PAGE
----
# Example: Cancelling pulses

## Understanding the situation

In order to get some practice with how pulses combine when they overlap, we'll consider a highly simplified toy-model problem: square pulses. For waves on a string, this doesn't actually work well because the string doesn't like to make sharp corners. (It actually works perfectly for digital signals.)

But we'll ignore those problems and use it to illustrate how the basic "algebraic addition of signals" idea works. Following the idea of using video frames as data will help you make a concrete matching of the physics to the graph.

## Presenting a sample problem

Two almost rectangular pulses approach each from opposite directions on an elastic string. The pulses have the same symmetric shape, but the one on the right is reversed. A video tape of the string is taken of the motion of the pulses. A few frames before the pulses reach each other (frame number 1237), they look like shown in the figure below at the left. At the instant when the pulses are right on top of each other, a frame from the video tape (frame number 1287) looks like the figure below at the right. This frame shows that the they cancel perfectly at that instant.

The video tape keeps rolling. What do you think frame number 1337 looks like? Draw a sketch and explain why you think so. Make sure that your explanation includes an "analysis of the mechanism," that is, your explanation includes a discussion of how the various bits of string "know what to do" to get to the state you have described.

[Note: In actual fact, a string cannot support sharp edges. The rises and falls of the pulses will actually be somewhat rounded off. We have described the pulses as sharp-edged in order to simplify the analysis. If you prefer, you may assume that the pulses are slightly trapezoidal rather than rectangular, but assume that the width of the rise and the fall is narrow compared to the width of the overall pulse.]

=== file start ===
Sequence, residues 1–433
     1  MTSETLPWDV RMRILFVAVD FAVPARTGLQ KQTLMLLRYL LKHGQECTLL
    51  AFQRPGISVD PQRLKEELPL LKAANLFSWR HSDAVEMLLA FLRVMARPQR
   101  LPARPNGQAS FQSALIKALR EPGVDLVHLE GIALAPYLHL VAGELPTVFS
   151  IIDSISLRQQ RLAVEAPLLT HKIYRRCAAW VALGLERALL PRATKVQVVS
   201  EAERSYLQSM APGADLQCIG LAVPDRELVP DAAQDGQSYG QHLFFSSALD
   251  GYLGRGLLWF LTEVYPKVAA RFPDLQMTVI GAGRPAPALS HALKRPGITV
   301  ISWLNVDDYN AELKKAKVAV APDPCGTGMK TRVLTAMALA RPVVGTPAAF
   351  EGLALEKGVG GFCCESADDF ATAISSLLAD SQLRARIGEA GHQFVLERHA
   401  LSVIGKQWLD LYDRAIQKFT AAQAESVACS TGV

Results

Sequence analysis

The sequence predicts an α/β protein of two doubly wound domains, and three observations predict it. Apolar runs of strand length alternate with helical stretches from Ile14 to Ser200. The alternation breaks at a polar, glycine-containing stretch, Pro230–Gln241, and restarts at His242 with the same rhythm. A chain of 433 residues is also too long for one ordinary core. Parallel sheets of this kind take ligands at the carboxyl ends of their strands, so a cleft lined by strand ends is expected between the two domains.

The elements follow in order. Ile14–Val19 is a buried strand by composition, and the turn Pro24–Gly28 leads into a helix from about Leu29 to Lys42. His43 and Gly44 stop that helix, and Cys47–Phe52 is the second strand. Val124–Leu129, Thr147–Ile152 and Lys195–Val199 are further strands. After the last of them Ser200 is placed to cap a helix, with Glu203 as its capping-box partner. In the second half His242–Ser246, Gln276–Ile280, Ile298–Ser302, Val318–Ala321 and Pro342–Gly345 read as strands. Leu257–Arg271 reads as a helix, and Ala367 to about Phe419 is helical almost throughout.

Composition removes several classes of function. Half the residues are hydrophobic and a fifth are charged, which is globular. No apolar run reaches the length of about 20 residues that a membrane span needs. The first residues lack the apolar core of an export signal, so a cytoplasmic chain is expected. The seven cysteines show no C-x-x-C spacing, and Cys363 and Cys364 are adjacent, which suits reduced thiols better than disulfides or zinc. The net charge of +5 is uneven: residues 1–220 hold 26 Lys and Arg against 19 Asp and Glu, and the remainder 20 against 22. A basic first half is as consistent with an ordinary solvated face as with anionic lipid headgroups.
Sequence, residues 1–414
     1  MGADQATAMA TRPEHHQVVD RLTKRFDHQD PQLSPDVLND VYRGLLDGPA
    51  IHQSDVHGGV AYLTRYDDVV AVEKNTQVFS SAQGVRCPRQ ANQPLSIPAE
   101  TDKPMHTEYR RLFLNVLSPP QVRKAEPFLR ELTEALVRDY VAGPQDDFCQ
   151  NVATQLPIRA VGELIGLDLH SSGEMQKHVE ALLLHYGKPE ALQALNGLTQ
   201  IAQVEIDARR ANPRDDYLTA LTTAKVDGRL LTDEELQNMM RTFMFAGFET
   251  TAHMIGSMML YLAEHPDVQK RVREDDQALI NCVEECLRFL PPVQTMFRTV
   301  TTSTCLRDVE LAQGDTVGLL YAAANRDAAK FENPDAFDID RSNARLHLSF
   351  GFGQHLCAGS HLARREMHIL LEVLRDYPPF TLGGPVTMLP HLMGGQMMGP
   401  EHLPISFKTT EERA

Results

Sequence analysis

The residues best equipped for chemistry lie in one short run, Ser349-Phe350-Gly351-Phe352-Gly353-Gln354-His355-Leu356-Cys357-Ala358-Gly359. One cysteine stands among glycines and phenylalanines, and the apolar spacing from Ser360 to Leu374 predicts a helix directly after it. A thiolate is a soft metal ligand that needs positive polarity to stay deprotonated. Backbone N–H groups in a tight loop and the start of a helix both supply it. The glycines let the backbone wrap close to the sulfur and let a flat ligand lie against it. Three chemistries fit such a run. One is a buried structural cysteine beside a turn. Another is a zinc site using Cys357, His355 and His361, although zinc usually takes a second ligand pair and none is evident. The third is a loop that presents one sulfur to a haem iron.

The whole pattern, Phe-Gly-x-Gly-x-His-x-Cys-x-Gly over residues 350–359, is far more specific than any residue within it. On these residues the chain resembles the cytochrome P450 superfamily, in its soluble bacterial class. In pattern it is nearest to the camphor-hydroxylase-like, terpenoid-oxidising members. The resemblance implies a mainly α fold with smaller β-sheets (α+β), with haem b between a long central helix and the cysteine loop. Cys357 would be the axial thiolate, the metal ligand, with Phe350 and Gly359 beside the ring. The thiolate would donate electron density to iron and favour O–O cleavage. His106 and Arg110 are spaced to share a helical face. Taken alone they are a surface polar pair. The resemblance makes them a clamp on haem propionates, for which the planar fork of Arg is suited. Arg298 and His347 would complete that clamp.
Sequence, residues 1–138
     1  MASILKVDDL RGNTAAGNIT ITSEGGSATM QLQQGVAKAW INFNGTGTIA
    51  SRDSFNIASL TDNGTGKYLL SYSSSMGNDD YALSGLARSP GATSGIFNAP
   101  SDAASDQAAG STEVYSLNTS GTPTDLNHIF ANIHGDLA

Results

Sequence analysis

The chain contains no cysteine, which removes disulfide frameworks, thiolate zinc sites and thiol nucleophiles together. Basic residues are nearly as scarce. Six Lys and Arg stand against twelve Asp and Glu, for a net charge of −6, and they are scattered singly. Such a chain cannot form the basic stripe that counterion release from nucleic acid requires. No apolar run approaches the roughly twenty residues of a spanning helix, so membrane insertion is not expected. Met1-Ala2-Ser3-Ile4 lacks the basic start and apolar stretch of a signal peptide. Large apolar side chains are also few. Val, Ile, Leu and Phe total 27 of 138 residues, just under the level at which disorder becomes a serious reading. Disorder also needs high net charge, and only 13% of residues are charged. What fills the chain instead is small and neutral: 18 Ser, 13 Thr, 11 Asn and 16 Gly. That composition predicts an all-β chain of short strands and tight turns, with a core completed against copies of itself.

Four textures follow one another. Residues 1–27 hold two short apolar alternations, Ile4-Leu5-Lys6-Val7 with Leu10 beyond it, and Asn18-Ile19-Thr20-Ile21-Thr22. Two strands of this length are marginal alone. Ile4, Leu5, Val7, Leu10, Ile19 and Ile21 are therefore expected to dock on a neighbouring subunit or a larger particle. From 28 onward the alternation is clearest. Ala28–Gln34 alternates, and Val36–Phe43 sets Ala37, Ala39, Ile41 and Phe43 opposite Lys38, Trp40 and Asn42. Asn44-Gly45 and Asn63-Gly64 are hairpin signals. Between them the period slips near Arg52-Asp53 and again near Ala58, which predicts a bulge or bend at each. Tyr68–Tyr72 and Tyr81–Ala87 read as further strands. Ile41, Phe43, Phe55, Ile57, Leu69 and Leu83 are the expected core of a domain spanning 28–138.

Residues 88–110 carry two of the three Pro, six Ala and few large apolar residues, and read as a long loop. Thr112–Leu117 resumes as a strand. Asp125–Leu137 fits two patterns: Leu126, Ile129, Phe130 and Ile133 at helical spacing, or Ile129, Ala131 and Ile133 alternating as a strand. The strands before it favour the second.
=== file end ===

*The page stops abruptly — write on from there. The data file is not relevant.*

## Solving this problem

Since the pulses don't interfere with each other but just keep moving, frame 1337 will look like this:

That is, the individual pulses will just keep going — traveling on at the same speed, ignoring the other pulses that might be passing through. This is a "macro" description — on the level of the rules for the patterns and how they travel. To make a connection with a "micro" description — on the level of bits of string and how they each move in response to the forces they feel, we will have to go a little deeper.

The difficult question is: If the string appears totally flat in frame 1237, why should it do anything? Why doesn't it just stay flat? The answer is that according to the rules of Newtonian mechanics, you can't tell what an object is going to do by looking at where it is. A single video frame of a thrown object won't tell you if the object is on its way up, on its way down, or is at the top of its trajectory. You have to look at more than one frame and extract a velocity. If we look at frame 1236 as well as 1237 we might see something like this:

This tells us that when the string looks flat, the "beads" (bits of string) at the ends of the combined pulses are not stationary. One end is moving up and the other end is moving down. The velocity pattern will look something like this:

These are the same velocities that are seen at the beginning of each pulse as they travel through the medium alone so this tells us that this motion of these beads will regenerate the pulses ahead of them. (What happens in between is a bit more complicated, but we can see by symmetry that staying flat is plausible for the string in between.)

This can be proved mathematically by using the wave equation and showing that the general solutions are of the form of pulses traveling in two directions: $y(x,t) = f(x-v_0t) + g(x+v_0t)$ for arbitrary functions $f$ and $g$. This shows that the functions don't change when they happen to overlap — they just add.

Joe Redish 2/11/2002

Article 697